Despite the ongoing budget crisis throttling public higher education in the state, neither the University of Colorado’s Board of Regents nor its president is endorsing Proposition 103, which would raise about $3 billion for education, including higher education.
The ballot measure, spearheaded by Sen. Rollie Heath, D-Boulder, would raise the state income tax from 4.63 percent to 5 percent and the state sales tax from 2.9 percent to 3 percent, returning them to 1999 levels for five years.
CU President Bruce Benson has announced that he expects the university’s budget to be cut by another $30 million to $50 million next year. The CU system receives only about 5 percent of its budget from the state.
But some Republican members of the Board of Regents are balking at Proposition 103, raising the question: Are even minor tax increases so politically unpalatable to the right wing that those elected to serve as financial stewards of the state’s flagship university are opposing a possible budget fix?
CU spokesperson Ken McConnellogue told Boulder Weekly that Benson, a Republican, “would not have much to say on the issue, other than while he appreciates any efforts to get more money into the higher education system, the Board of Regents is divided on the ballot measure and therefore he is not taking a position.”
It wouldn’t be uncharted territory for the board to take a stand on a ballot measure. In 2005, the regents supported Referendum C, the time-out on state budget constraints in the Taxpayer’s Bill of Rights, and former CU President Hank Brown was one of the primary cheerleaders for the referendum. In 2006, the board took a stance against Amendment 41, and last year, the regents publicly opposed Proposition 101 and Amendments 60 and 61.
The Colorado Commission on Higher Education and the governing boards of several state colleges have endorsed Proposition 103.
Kyle Hybl, chair of the board and a Republican, says the board won’t take a position on the initiative, in part because the regents don’t meet again until after the election. Hybl does acknowledge opposing the proposition, though.
“The question is, what does one need to do to stabilize public higher ed?” he says. “I don’t think, for public higher ed, that 103 is the answer. I think its focus is more K-12 than higher ed.”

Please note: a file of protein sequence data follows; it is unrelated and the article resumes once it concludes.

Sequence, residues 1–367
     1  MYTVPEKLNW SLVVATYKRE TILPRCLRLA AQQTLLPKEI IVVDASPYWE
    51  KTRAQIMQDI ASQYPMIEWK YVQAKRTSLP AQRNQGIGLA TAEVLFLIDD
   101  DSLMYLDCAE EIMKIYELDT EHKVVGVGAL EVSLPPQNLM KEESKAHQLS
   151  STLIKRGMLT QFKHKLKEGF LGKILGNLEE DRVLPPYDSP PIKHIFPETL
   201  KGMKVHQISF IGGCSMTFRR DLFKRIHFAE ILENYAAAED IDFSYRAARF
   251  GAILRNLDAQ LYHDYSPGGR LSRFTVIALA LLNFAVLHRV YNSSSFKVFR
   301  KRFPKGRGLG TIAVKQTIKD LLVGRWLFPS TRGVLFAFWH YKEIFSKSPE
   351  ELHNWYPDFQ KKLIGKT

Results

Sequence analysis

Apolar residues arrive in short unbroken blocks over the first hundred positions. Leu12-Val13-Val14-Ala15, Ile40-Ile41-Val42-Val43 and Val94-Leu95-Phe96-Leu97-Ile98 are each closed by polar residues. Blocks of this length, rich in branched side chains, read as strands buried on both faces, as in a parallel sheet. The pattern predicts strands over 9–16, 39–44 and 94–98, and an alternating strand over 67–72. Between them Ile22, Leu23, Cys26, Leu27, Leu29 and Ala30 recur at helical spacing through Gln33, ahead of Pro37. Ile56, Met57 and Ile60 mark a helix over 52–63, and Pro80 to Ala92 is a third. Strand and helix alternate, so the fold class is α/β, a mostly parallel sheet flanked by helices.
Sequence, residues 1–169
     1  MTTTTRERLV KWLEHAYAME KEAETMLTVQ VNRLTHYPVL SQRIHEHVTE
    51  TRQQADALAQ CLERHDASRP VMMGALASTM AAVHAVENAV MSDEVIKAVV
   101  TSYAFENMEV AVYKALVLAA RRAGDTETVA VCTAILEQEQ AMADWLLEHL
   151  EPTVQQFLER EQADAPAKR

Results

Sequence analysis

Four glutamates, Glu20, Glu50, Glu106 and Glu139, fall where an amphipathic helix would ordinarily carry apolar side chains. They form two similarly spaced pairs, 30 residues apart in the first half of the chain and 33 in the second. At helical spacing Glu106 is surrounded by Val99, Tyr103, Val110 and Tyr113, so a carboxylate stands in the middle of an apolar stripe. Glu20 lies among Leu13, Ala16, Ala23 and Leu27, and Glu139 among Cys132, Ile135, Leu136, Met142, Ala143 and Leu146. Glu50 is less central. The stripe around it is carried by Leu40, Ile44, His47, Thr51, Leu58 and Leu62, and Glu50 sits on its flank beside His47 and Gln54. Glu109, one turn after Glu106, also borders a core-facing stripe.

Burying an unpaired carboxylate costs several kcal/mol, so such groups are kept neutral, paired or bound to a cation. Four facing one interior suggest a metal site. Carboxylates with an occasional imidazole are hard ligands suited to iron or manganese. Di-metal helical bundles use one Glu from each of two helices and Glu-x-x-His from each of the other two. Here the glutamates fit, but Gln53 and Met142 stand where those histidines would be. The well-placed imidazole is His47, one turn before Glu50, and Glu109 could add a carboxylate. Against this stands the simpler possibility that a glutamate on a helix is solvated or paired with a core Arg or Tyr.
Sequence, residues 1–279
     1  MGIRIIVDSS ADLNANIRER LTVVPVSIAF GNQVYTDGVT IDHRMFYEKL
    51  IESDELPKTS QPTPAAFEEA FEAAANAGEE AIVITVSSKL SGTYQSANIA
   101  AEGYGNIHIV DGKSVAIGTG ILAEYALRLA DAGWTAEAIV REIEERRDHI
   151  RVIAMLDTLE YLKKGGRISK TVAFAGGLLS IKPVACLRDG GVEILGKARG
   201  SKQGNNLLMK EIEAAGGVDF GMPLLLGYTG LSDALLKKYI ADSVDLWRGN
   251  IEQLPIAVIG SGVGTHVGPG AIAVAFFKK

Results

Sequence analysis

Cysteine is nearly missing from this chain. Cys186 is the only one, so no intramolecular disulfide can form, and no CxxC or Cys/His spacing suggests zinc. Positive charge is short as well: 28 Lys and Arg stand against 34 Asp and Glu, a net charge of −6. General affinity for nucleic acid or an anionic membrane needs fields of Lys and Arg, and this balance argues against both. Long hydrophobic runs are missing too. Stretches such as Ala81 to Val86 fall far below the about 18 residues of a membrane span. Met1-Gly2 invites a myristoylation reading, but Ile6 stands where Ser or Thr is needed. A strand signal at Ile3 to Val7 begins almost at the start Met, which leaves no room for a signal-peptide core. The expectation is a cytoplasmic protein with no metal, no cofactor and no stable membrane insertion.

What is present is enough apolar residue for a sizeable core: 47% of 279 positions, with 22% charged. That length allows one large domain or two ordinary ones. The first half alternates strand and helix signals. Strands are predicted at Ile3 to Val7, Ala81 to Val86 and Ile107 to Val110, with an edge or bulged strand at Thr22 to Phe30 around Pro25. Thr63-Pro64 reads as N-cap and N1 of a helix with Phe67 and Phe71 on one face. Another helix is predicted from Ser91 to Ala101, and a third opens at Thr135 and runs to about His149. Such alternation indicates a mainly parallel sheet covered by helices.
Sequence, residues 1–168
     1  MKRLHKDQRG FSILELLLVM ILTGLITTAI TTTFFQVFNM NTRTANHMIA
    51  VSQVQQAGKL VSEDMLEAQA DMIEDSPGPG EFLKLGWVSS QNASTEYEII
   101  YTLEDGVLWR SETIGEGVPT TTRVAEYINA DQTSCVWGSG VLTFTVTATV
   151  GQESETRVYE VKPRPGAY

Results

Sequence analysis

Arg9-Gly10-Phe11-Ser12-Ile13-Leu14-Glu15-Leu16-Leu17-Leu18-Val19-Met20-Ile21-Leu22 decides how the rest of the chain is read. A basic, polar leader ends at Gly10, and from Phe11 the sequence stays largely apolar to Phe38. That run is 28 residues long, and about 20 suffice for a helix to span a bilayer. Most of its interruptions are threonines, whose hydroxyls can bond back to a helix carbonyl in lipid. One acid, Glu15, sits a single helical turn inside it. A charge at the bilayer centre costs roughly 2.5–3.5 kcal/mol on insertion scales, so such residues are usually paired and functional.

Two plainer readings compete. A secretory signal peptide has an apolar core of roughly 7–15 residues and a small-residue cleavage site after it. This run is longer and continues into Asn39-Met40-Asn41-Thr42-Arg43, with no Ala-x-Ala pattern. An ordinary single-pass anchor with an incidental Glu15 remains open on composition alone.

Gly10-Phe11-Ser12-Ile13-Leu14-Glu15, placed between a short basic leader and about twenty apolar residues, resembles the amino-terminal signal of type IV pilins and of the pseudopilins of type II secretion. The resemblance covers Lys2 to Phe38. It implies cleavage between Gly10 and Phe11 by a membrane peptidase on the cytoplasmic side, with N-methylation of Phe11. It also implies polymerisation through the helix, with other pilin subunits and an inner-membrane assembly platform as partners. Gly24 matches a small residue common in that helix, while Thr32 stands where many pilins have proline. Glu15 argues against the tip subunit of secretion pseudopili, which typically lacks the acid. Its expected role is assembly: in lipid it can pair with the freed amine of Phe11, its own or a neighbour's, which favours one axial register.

When asked whether it is politically damaging for a Republican to support a tax increase, Hybl replies, “Different people would have different answers on that.
I think it depends on if one can demonstrate the effectiveness with which dollars will be used, if it’s a true benefit to whatever the dollars would be applied to.”
In response to a question about what alternative he would prefer for fixing higher ed funding, Hybl says, “In an ideal world, we’ll put people back to work and we’ll have more people paying into the current system we have, which will improve the economy, and, as a result improve the revenue higher ed receives.”
One Republican regent, Steve Bosley, declined to say where he stands on the proposition. The other four regents who returned calls from Boulder Weekly were evenly divided on the measure. The two Democrats, Steve Ludwig and Joe Neguse, say they support it, while the two Republicans, Tillie Bishop and Sue Sharkey, oppose it.
Bishop cited the economic downturn as a bad time to raise taxes, and said it is not a politically charged issue.
“I think Democrats are hurting as much as Republicans,” he says.
Sharkey says she doesn’t believe that “taxing the citizens of Colorado is the way to increase prosperity.”
On the other hand, Ludwig says it’s a very modest increase, there is never a good time to raise taxes, and employers look at education when deciding to relocate to Colorado.
“The Grand Junction Sentinel endorsed Proposition 103, and they’re not known for their left-leaning attributes,” Ludwig says.